“This timely and relevant book shares an important cultural celebration without overlooking the sad historical truths tied into the subject… Starting with the history of the Indian Act and bringing us into the present day, this book is a perfect introduction to the importance and beauty of powwows… A must-read for anyone wanting to know more about Indigenous people on Turtle Island.”

This Is Your Brain on Stereotypes: How Science is Tackling Unconscious Bias
Written by Tanya Lloyd Kyi (Vancouver, BC)
Illustrated by Drew Shannon (Toronto, ON)
Kids Can Press
for ages 11-14

“An excellent resource showing us the science behind stereotyping and how we can work to change our thinking to become less biased in our lives… Weaving history and present-day events and influences, this is a good look at a subject we should be more aware of…  Colourful artwork complements copious research distilled into readable, accessible sections, in learning about how brains are wired and how we can work at removing inherent biases.”

JURY MEMBERS: Nancy Cooper, author of The Trading Tree; Betsy Fraser, Selector, Calgary Public Library; Maria Martella, owner of Tinlids Inc., a wholesaler of children’s and teen books for schools and libraries.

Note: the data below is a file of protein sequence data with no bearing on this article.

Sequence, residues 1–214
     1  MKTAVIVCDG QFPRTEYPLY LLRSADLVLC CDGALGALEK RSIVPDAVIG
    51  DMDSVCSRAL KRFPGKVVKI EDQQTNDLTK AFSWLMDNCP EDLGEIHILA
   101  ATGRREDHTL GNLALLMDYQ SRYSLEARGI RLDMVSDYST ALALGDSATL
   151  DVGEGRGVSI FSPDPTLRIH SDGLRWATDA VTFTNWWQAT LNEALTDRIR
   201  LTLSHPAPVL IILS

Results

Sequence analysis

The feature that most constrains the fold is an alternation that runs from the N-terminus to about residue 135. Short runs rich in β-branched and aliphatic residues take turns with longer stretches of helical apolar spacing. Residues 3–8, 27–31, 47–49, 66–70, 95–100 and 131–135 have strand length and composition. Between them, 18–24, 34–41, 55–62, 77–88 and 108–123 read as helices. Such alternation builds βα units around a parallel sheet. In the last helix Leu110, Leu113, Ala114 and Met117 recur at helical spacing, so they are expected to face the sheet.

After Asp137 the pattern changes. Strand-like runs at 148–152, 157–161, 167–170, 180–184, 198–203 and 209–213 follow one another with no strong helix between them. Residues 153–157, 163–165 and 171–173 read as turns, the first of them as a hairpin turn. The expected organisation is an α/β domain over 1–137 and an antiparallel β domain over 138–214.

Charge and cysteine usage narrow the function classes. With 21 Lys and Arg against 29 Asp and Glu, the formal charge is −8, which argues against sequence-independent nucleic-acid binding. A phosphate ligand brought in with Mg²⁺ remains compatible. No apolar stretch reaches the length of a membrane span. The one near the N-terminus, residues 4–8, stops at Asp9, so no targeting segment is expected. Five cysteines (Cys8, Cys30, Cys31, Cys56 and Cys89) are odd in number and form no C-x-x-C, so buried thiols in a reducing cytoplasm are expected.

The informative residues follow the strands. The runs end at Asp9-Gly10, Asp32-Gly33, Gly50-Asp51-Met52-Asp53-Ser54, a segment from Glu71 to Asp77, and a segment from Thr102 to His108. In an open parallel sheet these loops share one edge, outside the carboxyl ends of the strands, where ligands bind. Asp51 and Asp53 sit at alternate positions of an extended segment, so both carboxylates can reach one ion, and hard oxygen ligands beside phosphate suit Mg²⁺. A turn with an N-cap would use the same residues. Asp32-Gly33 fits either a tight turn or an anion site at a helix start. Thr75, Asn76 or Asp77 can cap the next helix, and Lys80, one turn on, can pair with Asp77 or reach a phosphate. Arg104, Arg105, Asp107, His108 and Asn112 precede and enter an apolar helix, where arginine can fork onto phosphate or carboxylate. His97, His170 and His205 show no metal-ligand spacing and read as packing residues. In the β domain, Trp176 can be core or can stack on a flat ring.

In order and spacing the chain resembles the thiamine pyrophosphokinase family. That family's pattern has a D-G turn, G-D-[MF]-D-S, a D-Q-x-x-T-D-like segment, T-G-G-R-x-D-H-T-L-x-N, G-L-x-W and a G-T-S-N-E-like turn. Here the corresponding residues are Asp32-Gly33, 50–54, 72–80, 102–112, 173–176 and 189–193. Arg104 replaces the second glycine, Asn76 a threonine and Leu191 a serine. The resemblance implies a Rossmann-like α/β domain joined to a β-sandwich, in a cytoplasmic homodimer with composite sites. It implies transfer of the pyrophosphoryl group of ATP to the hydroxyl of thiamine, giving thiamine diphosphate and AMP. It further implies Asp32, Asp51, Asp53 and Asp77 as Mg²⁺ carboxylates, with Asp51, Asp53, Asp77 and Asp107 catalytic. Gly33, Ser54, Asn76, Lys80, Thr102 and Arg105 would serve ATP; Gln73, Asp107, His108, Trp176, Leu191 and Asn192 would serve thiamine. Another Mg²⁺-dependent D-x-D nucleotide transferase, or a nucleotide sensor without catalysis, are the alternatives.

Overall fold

Geoffrey Bilson Award for Historical Fiction for Young People ($5,000)
Sponsored by the Canadian Children’s Book Centre’s Bilson Endowment Fund

Barry Squires, Full Tilt    
Written by Heather Smith (Waterloo, ON)
Penguin Teen Canada
for ages 12 and up

“Rarely have I read a book that has encompassed so much humanity. I laughed, I cried, I related on so many levels as our young protagonist marched, or should I say danced, to the beat of his own drum… Smith delivers a toe-tapping story filled with tenacity, tension, humour and heart… She brilliantly set the scenes, transporting the reader back to small-town Newfoundland, where every single word of this story rang true.”

The Brushmaker’s Daughter
(A Holocaust Remembrance Book for Young Readers)
Written by Kathy Kacer (Toronto, ON)
Second Story Press
for ages 9-12

“In The Brushmaker’s Daughter, Kathy Kacer has written a gripping tale full of friendship and betrayal, family and country… A rich story in which terror and fear are so well conveyed by the author’s words that I found myself holding my own breath… We have all heard the story of Oskar Schindler, but Weidt’s story of hiring blind Jewish workers was interesting and offered a new take. This story served to remind us that everyone has value and we need to take care of each other.”

Journal of a Travelling Girl
Written by Nadine Neema (Montreal, QC)
Illustrated by Archie Beaverho (Behchoko, NT)
Wandering Fox Books
for ages 9-12